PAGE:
Last edited by Joe Macclesfield on August 17th, 2014, 6:46 pm, edited 1 time in total.
"...Then as a bee, which among weeds doth fall,
Which seem sweet floures with lustre fresh and gay,
She lights on that, and this, and tasteth all,
But pleasd with none doth rise and sore away..."

Western Guy
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Joined: March 26th, 2012, 1:19 pm
Location: Winnipeg, Canada

Re: Dr. Jekyll and Mr. Hyde (1941)

Postby Western Guy » August 17th, 2014, 6:31 pm

Joe, I got to know the wonderful Jason Robards a little toward the end of his life, but it's news to me that he was originally planned for the Jekyll/Hyde role before Palance (whom I also got to meet) took over the part in the Dan Curtis TV adaptation.

Wow! Robards would have lent an interesting aura to the role.

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Bronxgirl48
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Re: Dr. Jekyll and Mr. Hyde (1941)

Postby Bronxgirl48 » August 17th, 2014, 7:56 pm

WG, years ago (decades, actually) a girlfriend and I saw Jason in FOOLS, with Katherine Ross, when it first came out. He played an aging horror movie actor of all things. Both of us fell in love with him immediately. I really don't remember everything about the movie, except that Robards was strangely appealing and sexy.

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Joe Macclesfield
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Re: Dr. Jekyll and Mr. Hyde (1941)

Postby Joe Macclesfield » August 17th, 2014, 8:10 pm

Western Guy, Robards certainly would've lent an interesting aura to the part. The still, if you ever see it, is enough to give anyone the "creeps"! Nice that you got to meet him. I believe that, like Tracy, he had his own demons.
"...Then as a bee, which among weeds doth fall,
Which seem sweet floures with lustre fresh and gay,
She lights on that, and this, and tasteth all,
But pleasd with none doth rise and sore away..."

Western Guy
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Joined: March 26th, 2012, 1:19 pm
Location: Winnipeg, Canada

Re: Dr. Jekyll and Mr. Hyde (1941)

Postby Western Guy » August 17th, 2014, 8:46 pm

Yes, he did have his own demons, but when I met him he was clean and sober but sadly suffering from the early stages of cancer. The beautiful color photo that he signed for me shows that the illness had already taken effect. That aside, he was a wonderful gentleman.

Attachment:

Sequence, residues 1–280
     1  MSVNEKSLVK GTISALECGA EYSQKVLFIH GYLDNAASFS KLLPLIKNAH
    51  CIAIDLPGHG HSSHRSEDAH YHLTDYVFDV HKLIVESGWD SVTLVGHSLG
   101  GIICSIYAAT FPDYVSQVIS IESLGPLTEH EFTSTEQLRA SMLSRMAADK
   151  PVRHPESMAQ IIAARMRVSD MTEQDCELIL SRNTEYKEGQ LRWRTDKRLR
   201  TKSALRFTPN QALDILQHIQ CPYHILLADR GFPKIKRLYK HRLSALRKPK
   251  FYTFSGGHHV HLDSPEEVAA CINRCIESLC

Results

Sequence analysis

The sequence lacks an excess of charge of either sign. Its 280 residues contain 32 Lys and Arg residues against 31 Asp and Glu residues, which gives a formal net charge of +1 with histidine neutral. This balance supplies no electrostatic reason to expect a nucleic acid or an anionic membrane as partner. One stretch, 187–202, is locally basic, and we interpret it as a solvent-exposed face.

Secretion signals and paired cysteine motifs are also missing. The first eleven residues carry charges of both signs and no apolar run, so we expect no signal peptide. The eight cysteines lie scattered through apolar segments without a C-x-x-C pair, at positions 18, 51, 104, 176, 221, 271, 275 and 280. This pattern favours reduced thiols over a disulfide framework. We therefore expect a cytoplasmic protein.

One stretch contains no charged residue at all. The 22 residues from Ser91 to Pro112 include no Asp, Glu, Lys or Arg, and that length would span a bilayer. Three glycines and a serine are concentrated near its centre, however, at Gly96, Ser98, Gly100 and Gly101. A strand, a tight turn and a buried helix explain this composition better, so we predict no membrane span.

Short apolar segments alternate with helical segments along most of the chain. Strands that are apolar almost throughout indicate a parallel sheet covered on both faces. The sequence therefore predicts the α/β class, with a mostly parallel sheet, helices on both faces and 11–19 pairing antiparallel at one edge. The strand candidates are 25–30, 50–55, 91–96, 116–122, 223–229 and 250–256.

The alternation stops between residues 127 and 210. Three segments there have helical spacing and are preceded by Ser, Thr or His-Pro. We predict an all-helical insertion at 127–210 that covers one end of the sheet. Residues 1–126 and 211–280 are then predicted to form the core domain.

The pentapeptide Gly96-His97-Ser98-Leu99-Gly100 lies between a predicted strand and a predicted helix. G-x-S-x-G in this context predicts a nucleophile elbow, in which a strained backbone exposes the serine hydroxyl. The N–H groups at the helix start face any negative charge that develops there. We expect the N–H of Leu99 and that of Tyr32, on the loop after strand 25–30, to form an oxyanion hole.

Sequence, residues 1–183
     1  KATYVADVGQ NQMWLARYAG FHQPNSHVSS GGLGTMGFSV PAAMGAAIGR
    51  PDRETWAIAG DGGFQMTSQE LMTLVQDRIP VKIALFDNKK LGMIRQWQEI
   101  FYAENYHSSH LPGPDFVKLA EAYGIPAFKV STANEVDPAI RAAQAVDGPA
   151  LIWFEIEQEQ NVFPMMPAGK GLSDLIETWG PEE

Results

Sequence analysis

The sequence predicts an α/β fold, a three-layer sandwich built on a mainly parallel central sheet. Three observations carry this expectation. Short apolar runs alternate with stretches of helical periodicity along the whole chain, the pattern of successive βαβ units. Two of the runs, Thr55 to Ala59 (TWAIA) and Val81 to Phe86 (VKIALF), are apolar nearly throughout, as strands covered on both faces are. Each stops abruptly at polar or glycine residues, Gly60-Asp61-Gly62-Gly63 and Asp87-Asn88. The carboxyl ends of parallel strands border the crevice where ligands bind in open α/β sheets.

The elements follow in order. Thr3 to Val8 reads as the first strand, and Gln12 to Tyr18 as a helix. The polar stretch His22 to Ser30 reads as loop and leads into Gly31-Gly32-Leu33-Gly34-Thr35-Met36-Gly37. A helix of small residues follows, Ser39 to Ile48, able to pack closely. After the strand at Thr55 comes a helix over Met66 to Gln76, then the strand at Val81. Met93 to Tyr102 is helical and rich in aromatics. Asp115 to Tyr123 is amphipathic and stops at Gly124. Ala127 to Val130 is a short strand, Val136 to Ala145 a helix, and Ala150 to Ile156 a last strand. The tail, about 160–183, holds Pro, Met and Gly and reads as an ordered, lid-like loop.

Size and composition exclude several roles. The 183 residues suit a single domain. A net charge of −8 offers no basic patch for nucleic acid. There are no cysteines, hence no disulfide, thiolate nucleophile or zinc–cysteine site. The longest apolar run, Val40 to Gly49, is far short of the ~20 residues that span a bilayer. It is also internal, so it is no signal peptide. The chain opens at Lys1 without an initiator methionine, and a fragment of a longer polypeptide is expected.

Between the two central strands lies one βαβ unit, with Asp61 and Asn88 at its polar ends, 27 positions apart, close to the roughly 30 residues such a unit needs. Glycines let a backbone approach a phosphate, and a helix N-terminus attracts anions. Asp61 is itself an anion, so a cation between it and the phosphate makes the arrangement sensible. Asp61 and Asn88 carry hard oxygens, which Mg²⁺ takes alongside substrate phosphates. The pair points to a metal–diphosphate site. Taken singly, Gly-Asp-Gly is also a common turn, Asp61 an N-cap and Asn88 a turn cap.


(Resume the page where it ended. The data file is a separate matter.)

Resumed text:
RedRiver
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Re: Dr. Jekyll and Mr. Hyde (1941)

Postby RedRiver » August 18th, 2014, 10:42 am

In an interview, Charlie Rose called Robards the greatest actor in America. The actor became noticeably sheepish and modest.

Western Guy
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Location: Winnipeg, Canada

Re: Dr. Jekyll and Mr. Hyde (1941)

Postby Western Guy » August 18th, 2014, 12:40 pm

Mr. Robards certainly deserved that honor, RR. He won, I believe, every major acting award that could be bestowed upon a performer, including his two Oscars.

RedRiver
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Joined: July 28th, 2011, 9:42 am

Re: Dr. Jekyll and Mr. Hyde (1941)

Postby RedRiver » August 18th, 2014, 1:12 pm

As classic movie fans, we even see Jason Robards, Sr once in a while. Though, I don't recognize him when I see him!

Western Guy
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Joined: March 26th, 2012, 1:19 pm
Location: Winnipeg, Canada

Re: Dr. Jekyll and Mr. Hyde (1941)

Postby Western Guy » August 18th, 2014, 1:35 pm

What's interesting is that I once read back in his day, Jason Robards Sr. was even more popular than his son was later to become. Find that hard to believe since Robards Sr. was really relegated more to supporting status in pictures.

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Joe Macclesfield
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Re: Dr. Jekyll and Mr. Hyde (1941)

Postby Joe Macclesfield » August 18th, 2014, 2:15 pm

Robards Sr. can be seen in Val Lewton's Bedlam. Ironically, he plays a character who's been confined to keep him from drink, so he can support his family by writing.
"...Then as a bee, which among weeds doth fall,
Which seem sweet floures with lustre fresh and gay,
She lights on that, and this, and tasteth all,
But pleasd with none doth rise and sore away..."